The centrepiece of the 2016 Aldeburgh Festival (10th–26th, Aldeburgh, UK) is a journey through Messiaen’s Catalogue d’oiseaux, his 13-movement work for piano based on birdsong. On 17th there are twelve events dedicated to it, including outdoor performances at sunrise and sunset, talks and films. Many have already sold out, though the organisers are promising that more tickets will be available soon. Even if not, it’s still worth pitching up–there will be a free audio relay of the concerts and several events don’t require tickets. Other things to look forward to include works by the festival’s three featured composers, Julian Anderson, Benedict Mason and Rebecca Saunders, as well as new pieces inspired by the First World War. The music of the festival’s founder, Benjamin Britten, will this year be juxtaposed with that of his contemporary Michael Tippett.
It may be the first St. Magnus Festival (16–26th, Orkney, UK) without Max, but there is still a world premiere to look forward to. On 20th there will be the first performance of his Wendy’s Wedding Music at Sanday Community School, written to celebrate the marriage of its headteacher. The music of the festival founder can also be heard in seven other concerts, all viewable here. There are also new works from John Gourlay, Jennifer Martin, Sheena Phillips, Andra Patterson and Mogens Christensen as well as 10 short premieres for solo cello on 25th. Elsewhere there is plenty of music by living composers and, don’t forget, the festival offers a wide range of other categories for the culturally-minded, including literature and theatre; folk, jazz and world music; films; and community events.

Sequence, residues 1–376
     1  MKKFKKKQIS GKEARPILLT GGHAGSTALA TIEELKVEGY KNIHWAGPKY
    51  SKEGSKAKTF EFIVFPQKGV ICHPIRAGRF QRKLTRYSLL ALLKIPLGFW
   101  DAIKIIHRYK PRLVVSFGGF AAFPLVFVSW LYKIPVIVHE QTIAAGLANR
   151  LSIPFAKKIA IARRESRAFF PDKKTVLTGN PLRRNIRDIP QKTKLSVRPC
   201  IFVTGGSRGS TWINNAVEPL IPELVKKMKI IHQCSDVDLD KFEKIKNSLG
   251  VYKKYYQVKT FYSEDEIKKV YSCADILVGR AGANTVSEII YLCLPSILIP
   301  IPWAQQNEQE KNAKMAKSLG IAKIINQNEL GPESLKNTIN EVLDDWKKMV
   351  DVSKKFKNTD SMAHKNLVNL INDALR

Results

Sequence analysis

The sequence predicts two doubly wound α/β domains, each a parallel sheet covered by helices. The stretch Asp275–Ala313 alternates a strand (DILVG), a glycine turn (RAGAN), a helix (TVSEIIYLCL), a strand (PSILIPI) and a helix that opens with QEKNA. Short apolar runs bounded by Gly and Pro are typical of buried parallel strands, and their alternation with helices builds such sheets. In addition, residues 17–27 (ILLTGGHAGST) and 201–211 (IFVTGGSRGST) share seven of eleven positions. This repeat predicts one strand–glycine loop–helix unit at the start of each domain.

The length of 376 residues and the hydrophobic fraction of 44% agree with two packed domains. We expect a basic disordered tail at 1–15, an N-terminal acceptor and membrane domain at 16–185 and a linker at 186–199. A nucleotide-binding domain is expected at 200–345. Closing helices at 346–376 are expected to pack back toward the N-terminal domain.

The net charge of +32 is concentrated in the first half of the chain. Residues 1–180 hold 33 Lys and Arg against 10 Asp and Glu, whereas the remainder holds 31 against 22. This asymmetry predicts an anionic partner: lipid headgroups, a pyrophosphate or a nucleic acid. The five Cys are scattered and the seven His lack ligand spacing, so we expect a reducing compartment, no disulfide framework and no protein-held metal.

The Holland Festival (4th–26th, Amsterdam) has a similar spread of cultural events and also a good deal of new music. Perhaps the highlight is The Transmigration of Morton F. on 20th. Devised by director Sjaron Minailo and composer Anat Spiegel, it promises to be a surreal blend of opera, ritual and computer-gaming. On 23rd the Kronos Quartet give the world premieres of Yannis Kyriakides’ The Lost Border Dances and a new work by Merlijn Twaalfhoven. There are also a number of Dutch premieres, including Birtwistle’s The Cure and The Corridor on 9th and 10th, as well as the chance to see one of the twentieth century’s greatest operas Wozzeck on the opening day.
Other forthcoming premieres…
Another Maxwell Davies world premiere, his children’s opera The Hogboon, takes place at the Barbican under Sir Simon Rattle on 26th June. Also in London, on the 1st the London Sinfonietta present new works from Tom Coult and Harrison Birtwistle together with a pair of regional premieres, whilst on 19th the chamber ensembles from the LSO will, as part of their Soundhub scheme, present new works from next generation composers Yasmeen Ahmed, Ben Gaunt, Oliver Leith and Lee Westwood. At Hoddinott Hall in Cardiff, finally, BBCNOW give the world premiere of John Pickard’s Symphony No. 5 on 7th.
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Valery Gergiev and the Mariinsky Opera Orchestra gave a concert at Palmyra yesterday. The recapture of the ancients ruins by Russian-backed troops was one of the few pieces of good news to come out of Syria recently.